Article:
In/sight: The art of creating self-reflexive spaces. An investigation of transdisciplinary practitioner/practice

McDonagh, N 2010, In/sight: The art of creating self-reflexive spaces. An investigation of transdisciplinary practitioner/practice, Doctor of Philosophy (PhD), Art, RMIT University.


Document type: Thesis
Collection: Theses

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Title In/sight: The art of creating self-reflexive spaces. An investigation of transdisciplinary practitioner/practice
Author(s) McDonagh, N
Year 2010
Abstract At a time when, arguably more than ever before in human history, the human mind needs to become more adaptive, and adapting, to meet the increasingly complex, ambiguous, uncertain conditions of the world in which we live, any practices that can effect lasting expansion of our ways of seeing, thinking and acting in relation to self, others, and the world may be considered a useful and valuable contribution to human knowledge and practices.

This practice-led research conducted over a span of eight years demonstrates the capacity of an arts-based system of knowing and knowledge production to give rise to just such effects. Creative contemplation® is a methodology of material meditation originated and evolved within an experimental, transdisciplinary, commercial design practice - a methodology that proves able to generate self-reflexive spaces for myself, and for others who are neither trained nor practised in creative arts, and it is able to do so within the context of everyday practices. This bricolage system of knowing and knowledge production primarily derives from the arts but also variously derives from Australian Indigenous cultural practices as well as psychology, somatic therapy, Western and Eastern philosophy, and traditions of meditation - most particularly Japanese forms of Zen. As such, the transdisciplinary nature of Creative contemplation® accesses and activates a continuum of somatic and intellectual ways of knowing that at once both transcend and extend habitual ontological and epistemological frameworks. This investigation draws on the experience and knowledge gained in a highly successful, five year collaboration with a courageous organisation that risks engaging me to create and conduct extensive learning fora in which Creative contemplation® is used to increase individual and collective capacity of environmental scientists, and other staff, grappling with the complex matter of sustainability, and the uncertain future of the natural environment and humanity’s prospect inextricably interwoven within it.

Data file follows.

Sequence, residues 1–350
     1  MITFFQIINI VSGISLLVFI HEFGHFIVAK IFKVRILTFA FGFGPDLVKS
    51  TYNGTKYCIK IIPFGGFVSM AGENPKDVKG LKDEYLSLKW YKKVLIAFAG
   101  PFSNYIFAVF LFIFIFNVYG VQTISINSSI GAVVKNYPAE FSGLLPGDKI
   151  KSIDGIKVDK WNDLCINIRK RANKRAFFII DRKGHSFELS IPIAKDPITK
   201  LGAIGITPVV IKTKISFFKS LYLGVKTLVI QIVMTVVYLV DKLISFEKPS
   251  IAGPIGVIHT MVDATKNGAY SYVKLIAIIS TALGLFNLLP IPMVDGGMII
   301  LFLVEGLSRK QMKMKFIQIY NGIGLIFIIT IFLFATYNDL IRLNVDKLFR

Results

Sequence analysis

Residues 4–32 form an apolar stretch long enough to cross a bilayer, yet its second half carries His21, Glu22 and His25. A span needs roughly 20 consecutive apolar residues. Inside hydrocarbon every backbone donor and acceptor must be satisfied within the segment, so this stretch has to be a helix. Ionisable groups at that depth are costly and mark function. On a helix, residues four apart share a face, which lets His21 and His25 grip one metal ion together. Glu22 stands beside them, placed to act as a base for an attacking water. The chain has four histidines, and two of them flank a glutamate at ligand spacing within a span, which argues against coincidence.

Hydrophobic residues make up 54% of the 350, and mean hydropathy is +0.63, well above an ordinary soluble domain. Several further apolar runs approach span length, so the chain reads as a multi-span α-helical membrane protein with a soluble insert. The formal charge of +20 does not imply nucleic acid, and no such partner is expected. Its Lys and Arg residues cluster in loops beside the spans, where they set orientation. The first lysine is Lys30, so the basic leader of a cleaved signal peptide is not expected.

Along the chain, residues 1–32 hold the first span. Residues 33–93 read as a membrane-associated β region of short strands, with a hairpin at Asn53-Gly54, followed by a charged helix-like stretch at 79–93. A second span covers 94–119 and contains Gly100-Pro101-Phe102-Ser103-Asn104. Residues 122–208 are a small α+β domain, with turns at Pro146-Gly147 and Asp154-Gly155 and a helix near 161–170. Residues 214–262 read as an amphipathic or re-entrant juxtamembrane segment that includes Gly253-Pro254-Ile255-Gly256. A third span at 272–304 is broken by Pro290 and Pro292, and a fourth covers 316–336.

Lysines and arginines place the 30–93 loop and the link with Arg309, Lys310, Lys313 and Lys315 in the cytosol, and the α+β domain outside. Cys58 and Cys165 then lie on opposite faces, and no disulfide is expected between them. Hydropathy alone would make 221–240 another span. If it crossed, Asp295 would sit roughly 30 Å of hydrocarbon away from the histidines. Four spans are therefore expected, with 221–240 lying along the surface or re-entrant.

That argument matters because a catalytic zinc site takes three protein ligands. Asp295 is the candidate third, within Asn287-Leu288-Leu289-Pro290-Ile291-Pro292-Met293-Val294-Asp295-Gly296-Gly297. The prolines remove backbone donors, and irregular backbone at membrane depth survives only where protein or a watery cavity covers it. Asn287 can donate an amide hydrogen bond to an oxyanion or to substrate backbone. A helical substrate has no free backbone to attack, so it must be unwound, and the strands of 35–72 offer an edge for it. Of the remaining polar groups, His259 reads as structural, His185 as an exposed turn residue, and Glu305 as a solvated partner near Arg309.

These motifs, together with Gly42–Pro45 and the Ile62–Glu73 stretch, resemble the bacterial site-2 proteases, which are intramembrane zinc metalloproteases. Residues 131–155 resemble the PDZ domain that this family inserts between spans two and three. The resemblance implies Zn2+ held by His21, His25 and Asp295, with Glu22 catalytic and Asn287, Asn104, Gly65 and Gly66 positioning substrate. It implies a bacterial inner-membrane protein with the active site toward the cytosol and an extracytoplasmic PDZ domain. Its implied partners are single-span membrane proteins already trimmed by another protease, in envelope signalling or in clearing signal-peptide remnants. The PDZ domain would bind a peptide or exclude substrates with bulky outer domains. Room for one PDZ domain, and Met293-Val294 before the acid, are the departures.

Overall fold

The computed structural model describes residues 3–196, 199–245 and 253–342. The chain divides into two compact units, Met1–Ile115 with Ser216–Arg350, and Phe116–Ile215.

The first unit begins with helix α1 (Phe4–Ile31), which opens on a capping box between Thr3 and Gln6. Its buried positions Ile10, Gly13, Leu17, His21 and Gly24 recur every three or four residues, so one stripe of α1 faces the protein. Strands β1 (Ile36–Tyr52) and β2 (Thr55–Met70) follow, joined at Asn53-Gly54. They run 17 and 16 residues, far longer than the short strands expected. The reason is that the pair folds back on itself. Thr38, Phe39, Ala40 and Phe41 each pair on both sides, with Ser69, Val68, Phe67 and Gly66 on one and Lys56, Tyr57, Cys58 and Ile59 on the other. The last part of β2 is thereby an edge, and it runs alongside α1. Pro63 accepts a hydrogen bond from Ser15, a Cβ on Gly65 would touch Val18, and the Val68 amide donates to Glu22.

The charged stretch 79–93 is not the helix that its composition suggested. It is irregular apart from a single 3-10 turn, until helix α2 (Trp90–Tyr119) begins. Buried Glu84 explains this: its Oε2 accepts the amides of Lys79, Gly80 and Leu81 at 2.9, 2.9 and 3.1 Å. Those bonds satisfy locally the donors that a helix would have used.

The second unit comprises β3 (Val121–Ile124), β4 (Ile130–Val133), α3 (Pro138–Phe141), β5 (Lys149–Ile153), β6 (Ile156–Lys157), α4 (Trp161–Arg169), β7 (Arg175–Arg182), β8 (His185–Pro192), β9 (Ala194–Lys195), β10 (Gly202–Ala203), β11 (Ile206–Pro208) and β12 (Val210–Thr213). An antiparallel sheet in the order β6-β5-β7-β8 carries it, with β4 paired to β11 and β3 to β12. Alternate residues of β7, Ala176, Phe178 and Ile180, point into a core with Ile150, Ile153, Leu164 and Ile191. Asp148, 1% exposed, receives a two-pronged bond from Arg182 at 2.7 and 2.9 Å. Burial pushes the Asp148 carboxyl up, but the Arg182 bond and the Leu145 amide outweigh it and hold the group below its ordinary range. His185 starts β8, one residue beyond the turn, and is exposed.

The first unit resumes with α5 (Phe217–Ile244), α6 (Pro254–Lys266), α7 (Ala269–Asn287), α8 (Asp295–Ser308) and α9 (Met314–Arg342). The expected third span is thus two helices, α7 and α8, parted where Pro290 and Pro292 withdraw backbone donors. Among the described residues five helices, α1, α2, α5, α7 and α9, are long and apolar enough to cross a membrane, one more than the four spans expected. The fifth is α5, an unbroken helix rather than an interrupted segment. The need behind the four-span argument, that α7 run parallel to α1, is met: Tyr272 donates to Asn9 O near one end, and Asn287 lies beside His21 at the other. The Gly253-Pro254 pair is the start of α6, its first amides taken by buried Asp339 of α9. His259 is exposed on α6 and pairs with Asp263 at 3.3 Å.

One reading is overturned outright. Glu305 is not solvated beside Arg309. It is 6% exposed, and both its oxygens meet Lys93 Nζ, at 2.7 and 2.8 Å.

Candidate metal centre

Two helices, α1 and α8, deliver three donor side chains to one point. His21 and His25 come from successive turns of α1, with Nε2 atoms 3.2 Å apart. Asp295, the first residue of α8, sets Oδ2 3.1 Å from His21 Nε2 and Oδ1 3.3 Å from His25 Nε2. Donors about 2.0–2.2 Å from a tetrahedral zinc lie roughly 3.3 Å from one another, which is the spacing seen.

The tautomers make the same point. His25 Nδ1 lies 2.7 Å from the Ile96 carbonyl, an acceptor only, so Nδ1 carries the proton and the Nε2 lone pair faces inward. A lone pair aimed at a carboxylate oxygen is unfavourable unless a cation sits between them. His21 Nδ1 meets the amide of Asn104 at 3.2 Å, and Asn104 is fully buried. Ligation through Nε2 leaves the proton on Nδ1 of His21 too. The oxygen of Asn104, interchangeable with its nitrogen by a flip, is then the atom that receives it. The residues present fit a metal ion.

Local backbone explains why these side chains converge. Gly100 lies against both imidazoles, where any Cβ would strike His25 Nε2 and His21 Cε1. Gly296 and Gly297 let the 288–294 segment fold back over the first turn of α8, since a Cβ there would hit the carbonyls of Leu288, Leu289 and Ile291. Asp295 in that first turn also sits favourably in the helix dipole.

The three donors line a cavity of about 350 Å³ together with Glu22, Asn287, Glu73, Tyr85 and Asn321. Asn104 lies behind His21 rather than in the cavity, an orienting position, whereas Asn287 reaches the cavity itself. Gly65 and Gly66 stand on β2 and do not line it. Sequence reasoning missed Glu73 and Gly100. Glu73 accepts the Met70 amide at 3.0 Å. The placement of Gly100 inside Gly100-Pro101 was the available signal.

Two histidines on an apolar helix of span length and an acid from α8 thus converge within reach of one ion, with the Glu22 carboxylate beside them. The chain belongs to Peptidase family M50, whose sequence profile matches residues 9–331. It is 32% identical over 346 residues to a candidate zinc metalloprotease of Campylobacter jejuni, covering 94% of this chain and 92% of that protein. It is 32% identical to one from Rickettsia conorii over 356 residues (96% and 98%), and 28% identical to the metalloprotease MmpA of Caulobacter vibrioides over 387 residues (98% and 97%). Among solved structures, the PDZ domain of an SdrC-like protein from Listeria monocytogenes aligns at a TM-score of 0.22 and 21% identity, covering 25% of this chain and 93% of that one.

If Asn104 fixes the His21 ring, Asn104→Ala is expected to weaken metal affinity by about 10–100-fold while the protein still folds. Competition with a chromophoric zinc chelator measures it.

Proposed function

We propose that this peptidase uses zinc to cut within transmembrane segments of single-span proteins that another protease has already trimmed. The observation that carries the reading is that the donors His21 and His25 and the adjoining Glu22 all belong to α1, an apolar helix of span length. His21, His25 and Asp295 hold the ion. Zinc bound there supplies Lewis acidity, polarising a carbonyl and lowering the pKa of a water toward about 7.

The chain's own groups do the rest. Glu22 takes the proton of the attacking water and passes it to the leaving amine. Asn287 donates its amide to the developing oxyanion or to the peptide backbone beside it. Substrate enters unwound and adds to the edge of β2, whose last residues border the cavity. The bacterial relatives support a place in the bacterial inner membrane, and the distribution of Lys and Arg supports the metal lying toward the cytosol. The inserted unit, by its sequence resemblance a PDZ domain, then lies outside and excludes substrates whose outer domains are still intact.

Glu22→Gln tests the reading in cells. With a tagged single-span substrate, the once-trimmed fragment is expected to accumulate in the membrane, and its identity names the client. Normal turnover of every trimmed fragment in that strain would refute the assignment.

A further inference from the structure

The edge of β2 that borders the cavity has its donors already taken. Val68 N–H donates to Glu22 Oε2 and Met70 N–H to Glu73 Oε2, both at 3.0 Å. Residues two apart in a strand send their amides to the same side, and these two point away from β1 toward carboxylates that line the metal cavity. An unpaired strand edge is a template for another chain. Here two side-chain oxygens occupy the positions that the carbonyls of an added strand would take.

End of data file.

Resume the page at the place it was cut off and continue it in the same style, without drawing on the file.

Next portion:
In situating my work in relation to the orthodoxy of investigating and cultivating mind in the area of business known as organisational learning and development, and in relation to the emerging field of arts in business, its significant contribution to knowledge and practices in this arena come clearly into view, but, by its very nature, such transdisciplinary practice-research transcends boundaries of any single field allowing contributions to knowledge and practices to be far more broadly inferred.

Through studio inquiry, and practice-led and literature-based research the philosophical, theoretical, methodological and practical frameworks are created that support, and make explicit, the ontology and operations of Creative contemplation® methodology, the learning fora with others that I conceive as a species of performative installation, and my agency and role as practitioner within these fora that I cast as being (an) Attendant - a specialised model and mode of facilitation commensurate with the potency of arts-based knowing to investigate and cultivate workings of mind and heart.
Degree Doctor of Philosophy (PhD)
Institution RMIT University
School, Department or Centre Art
Keyword(s) mind
cultivating mind
art as knowing
trandisciplinary research
art-based knowing
knowledge production
bricolage
ways of seeing
individual and collective capacity
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Created: Thu, 02 Dec 2010, 15:14:00 EST
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